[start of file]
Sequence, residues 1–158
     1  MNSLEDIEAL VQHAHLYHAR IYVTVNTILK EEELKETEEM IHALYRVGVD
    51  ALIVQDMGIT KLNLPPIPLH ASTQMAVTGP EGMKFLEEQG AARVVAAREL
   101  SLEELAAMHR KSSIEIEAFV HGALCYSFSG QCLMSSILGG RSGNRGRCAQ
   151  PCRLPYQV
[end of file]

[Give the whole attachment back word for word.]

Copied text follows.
Sequence, residues 1–158
     1  MNSLEDIEAL VQHAHLYHAR IYVTVNTILK EEELKETEEM IHALYRVGVD
    51  ALIVQDMGIT KLNLPPIPLH ASTQMAVTGP EGMKFLEEQG AARVVAAREL
   101  SLEELAAMHR KSSIEIEAFV HGALCYSFSG QCLMSSILGG RSGNRGRCAQ
   151  PCRLPYQV